10 Ways to Shrink Your Dry Cleaning Bill and Still Look Great

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LOOK SHARP FOR LESS

The average American spends about $500 a year on dry cleaning, according to industry reports. While it may seem a necessary expense, many consumers are simply throwing money down the drain. But you don't have to give up clean clothes to save money -- these 10 tips can keep you from being taken to the cleaners by your dry cleaner.
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DON'T OVERDO IT

Certain items, such as wool coats, should be dry cleaned only once a year. In the meantime, a garment brush can go a long way toward giving the impression of freshly cleaned clothing. A fabric steamer (even a small, inexpensive one, such as a PurSteam portable steamer available for $30 on Amazon) can also banish wrinkles and minor odors on dry cleaned items, prolonging wear.

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CHOOSE CLOTHING WISELY

Building a wardrobe around washable items is the simplest way to save money on dry cleaning bills. Also, buying dry-clean-only items that are typically cheaper to clean, such as sweaters without embellishments, or wool garments rather than leather or suede items, will cost less in the long run.
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TRY LAUNDERING INSTEAD OF DRY CLEANING

Cotton shirts can be washed and ironed at home, but it's admittedly a bit of a hassle to DIY. One cost-cutting suggestion is to ask the dry cleaner to launder and press shirts instead of actually using the dry cleaning process -- it should be a cheaper alternative.
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CONSIDER WASHING SOME 'DRY CLEAN ONLY' ITEMS

Clothing manufacturers may label an item "dry clean only" when it truly isn't. Clothing made of polyester or natural fibers -- even cashmere -- can be washed at home. Just be sure to hand wash or use the delicate cycle, and lay the items out to air dry.
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WATCH FOR COUPONS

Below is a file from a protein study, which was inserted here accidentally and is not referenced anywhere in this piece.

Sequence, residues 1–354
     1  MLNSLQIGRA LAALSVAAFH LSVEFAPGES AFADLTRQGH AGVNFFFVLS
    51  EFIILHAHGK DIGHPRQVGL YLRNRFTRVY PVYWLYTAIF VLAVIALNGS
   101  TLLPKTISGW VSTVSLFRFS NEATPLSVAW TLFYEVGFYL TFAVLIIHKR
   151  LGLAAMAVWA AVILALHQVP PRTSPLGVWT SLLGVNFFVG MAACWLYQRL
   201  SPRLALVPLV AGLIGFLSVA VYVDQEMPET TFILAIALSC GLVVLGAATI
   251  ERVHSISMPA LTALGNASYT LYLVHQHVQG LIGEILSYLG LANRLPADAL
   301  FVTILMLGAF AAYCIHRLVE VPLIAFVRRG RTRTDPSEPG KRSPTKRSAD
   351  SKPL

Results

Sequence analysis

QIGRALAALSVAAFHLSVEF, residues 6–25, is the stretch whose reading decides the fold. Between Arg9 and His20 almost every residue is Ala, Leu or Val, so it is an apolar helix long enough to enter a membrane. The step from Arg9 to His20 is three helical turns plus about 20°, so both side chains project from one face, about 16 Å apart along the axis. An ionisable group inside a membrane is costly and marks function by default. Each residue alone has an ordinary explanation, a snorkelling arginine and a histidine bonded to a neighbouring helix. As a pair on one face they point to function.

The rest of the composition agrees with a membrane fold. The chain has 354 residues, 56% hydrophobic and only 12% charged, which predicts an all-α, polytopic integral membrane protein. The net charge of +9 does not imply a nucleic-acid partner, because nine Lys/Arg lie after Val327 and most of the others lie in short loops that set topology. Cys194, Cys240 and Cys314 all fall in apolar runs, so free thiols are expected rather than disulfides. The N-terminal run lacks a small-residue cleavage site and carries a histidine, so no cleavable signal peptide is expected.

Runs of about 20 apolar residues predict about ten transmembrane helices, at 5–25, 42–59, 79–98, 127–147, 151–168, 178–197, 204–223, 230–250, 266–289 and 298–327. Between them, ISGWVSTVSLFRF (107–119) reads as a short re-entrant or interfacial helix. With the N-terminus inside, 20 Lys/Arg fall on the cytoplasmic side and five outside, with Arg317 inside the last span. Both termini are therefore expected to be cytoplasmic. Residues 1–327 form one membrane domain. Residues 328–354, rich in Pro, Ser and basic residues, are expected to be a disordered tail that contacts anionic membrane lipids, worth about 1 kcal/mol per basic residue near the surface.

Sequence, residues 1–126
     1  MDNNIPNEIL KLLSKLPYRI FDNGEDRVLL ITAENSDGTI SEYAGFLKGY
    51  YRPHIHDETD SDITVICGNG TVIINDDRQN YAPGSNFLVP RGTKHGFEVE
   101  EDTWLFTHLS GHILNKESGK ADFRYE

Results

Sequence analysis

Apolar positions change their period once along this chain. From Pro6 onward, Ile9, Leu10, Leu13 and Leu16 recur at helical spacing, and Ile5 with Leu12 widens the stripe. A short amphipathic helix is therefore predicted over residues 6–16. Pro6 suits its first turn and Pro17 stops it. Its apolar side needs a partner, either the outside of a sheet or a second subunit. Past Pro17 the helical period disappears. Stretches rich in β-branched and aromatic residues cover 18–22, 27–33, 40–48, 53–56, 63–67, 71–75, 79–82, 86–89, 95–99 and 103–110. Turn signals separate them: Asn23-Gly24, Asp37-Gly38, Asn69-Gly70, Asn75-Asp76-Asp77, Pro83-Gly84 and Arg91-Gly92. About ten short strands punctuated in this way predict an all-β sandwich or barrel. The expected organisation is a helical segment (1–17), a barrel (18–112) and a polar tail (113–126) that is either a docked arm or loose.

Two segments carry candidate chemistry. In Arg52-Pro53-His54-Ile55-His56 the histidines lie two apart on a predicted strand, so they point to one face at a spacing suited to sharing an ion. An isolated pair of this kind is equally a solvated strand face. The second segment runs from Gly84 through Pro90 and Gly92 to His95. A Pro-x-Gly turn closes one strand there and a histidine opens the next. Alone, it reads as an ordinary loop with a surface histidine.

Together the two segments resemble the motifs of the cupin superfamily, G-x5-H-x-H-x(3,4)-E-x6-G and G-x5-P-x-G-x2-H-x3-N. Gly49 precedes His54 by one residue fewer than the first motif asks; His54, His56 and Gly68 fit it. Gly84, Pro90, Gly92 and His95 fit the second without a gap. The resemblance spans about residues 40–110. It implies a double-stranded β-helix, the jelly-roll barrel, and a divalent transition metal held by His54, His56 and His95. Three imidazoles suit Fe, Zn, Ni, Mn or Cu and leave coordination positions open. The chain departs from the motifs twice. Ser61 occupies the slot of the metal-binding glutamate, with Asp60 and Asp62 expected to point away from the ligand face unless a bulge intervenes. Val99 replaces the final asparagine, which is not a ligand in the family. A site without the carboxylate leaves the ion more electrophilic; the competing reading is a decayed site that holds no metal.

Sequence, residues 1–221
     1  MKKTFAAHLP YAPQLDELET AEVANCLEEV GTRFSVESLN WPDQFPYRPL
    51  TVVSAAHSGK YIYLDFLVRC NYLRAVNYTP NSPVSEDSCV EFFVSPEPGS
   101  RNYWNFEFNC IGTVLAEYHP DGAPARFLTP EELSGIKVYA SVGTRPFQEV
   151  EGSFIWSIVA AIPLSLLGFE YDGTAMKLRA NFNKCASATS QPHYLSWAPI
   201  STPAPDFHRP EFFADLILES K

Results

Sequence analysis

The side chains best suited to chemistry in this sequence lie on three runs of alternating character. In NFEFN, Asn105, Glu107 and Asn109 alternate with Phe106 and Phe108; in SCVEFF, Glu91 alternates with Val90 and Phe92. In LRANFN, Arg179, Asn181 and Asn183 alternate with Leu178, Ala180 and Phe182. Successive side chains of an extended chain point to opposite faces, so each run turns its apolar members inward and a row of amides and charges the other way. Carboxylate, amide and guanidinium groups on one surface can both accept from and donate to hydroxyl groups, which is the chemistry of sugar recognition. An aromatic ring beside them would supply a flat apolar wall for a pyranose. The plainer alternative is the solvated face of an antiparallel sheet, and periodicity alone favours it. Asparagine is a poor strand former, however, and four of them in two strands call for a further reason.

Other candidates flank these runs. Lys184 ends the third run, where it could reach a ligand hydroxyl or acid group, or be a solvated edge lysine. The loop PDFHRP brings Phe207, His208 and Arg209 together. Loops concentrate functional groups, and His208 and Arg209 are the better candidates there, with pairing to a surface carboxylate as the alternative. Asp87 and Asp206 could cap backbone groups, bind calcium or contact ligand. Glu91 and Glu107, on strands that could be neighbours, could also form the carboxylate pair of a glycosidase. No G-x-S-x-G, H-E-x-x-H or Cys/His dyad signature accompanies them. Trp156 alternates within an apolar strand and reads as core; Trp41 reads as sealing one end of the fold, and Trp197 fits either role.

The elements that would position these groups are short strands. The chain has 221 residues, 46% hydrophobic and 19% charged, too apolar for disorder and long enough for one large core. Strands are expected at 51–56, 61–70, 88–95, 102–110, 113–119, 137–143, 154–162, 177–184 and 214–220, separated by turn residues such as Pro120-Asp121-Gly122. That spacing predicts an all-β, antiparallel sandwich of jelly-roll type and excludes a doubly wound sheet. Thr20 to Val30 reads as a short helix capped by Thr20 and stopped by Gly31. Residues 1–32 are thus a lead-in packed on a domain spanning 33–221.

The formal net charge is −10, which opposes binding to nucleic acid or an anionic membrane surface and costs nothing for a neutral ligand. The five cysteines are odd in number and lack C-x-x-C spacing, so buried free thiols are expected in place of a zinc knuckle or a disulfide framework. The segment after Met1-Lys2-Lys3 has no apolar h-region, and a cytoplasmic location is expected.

Scour local mailers for deals at nearby dry cleaners. Some places may even offer reduced rates on different days of the week; it never hurts to ask.
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TRY A HOME DRY CLEANING KIT

They really can work. Easy-to-use kits, such as Woolite At-Home Dry Cleaner ($9 from Walmart), can erase creases as well as minor stains and smells. For bad stains, however, professional cleaning may still be needed.

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BE GENTLE WITH CLOTHES

Simple changes such as not throwing clothes on the floor in a wrinkled heap and being careful when applying deodorant help extend time between dry cleaning sessions.
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DRY CLEAN WHEN NECESSARY

Certain items risk being destroyed without proper care and should be left to the pros. Suits, silk, leather, and suede are just too easy to damage with hand washing. Acetate fibers should also be cleaned professionally.
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DRY CLEAN IN THE OFF-SEASON

Dry cleaners tend to be busiest April through June. For non-urgent dry cleaning needs, bring items to the cleaners in January or February, typically the slowest months for dry cleaning, and the months that are most likely to offer up discounts on services.
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STORE CLOTHES THE RIGHT WAY

It seems logical to leave freshly dry cleaned items inside the plastic bags for protection. But the plastic can break down and discolor clothing. Better to remove items from the wrapping before stowing them away in the closet or a chest.